The building of an isolated SG network in CQ - NQ makes no sense unless it connects to the National SG. Even now it makes no sense to convert the Mt Isa line to SG. The NG lines in Qld do all that is required of them and are all interconnected for operating flexibility. having two gauges would only lead to more complex management and operating issues.
To suggest that this should have happened back in the 1950s and 1960s takes no account of the railway and Government finances at the time and the low traffic levels. Yes the lines were vital, but tonnages were not high.
My understanding is that the Federal Government would have supported the conversion of the Mt Isa line to standard gauge, so it would not have cost the Queensland Government significantly more. Thiess Peabody Mitsui wanted to build the Moura line to standard gauge, and that wouldn't have cost the Queensland Government any more.
The Federal Government paid for the conversion of the Mount Gambier line to broad gauge with the intention of it being converted to standard gauge later, which sadly never eventuated. So it is clear that funding was not restricted to links between state capitals, although that aspect gained all the publicity.
The WAGR ended up with both standard and narrow gauge lines to Kalgoorlie, with branches north to Leonora and south to Esperance. They converted the branches to standard gauge, and lifted the parallel narrow gauge to Kalgoorlie. There was no traffic to justify the conversion, just simplifying operation. Subsequently, the Kwinana iron ore traffic went away (after nearly destroying the interstate standard gauge link, built to inadequate standards.) The mine at Koolyanobbing changed hands and ore was exported through Esperance for more than twenty years, providing a good income to the WAGR and its successors until the recent announcement of imminent closure.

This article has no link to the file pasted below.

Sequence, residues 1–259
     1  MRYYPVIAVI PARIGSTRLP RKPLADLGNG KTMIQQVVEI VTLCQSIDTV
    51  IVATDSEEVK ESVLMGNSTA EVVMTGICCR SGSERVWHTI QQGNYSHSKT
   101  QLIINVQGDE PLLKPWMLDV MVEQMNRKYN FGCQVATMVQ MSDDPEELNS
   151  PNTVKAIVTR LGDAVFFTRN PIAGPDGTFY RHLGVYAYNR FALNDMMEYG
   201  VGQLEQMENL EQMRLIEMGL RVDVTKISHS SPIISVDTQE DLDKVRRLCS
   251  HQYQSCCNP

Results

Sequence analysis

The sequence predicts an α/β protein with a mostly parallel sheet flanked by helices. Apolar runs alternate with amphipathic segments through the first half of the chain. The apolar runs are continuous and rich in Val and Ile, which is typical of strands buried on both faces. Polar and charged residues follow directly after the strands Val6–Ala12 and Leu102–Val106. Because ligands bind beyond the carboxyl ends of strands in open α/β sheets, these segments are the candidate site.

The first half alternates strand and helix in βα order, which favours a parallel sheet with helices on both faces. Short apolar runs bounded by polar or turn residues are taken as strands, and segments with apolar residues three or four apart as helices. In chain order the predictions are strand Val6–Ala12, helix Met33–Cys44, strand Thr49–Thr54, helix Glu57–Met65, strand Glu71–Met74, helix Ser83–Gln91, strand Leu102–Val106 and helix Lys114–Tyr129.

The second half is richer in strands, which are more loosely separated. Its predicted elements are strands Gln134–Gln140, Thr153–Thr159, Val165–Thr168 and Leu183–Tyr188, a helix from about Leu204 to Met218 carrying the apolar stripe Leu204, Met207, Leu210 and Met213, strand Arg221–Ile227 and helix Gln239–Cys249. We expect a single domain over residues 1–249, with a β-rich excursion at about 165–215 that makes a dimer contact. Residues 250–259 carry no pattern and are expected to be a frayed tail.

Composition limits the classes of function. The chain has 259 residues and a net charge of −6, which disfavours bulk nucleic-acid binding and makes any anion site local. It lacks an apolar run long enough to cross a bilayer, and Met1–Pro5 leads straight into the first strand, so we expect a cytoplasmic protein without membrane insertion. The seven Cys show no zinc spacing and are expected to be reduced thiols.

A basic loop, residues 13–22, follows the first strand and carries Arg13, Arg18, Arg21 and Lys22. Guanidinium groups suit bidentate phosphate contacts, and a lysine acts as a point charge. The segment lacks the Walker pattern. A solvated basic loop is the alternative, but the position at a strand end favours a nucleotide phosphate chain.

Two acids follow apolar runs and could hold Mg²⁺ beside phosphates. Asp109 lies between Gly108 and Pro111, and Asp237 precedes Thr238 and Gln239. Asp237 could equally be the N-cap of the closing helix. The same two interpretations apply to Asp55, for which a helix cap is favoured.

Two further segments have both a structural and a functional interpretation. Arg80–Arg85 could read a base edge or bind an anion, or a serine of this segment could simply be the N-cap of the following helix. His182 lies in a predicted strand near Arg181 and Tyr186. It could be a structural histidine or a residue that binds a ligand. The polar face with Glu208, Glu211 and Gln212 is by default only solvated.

The sequence of events I outlined would have provided a progressive change to standard gauge in Queensland, starting with Bowen and Collinsville to Mt Isa, then the new Central Queensland coal lines including Emerald-Rockhampton-Gladstone as dual gauge. The North Coast electrification would have linked Brisbane to Gladstone by 1988. Rockhampton Bowen could have followed some time in the last thirty years.
Then there would have been standard gauge from Brisbane to Townsville, and real open access would have provided competitive services on that network. Townsville to Cairns would have followed.
In the mean time, the Sunlander could have swapped bogies at Townsville, as could any significant through freight traffic.
Importantly, the construction cost would not have been significantly higher than that expended in the many upgradings carried out to date, but the advantages for open access would have been very significant.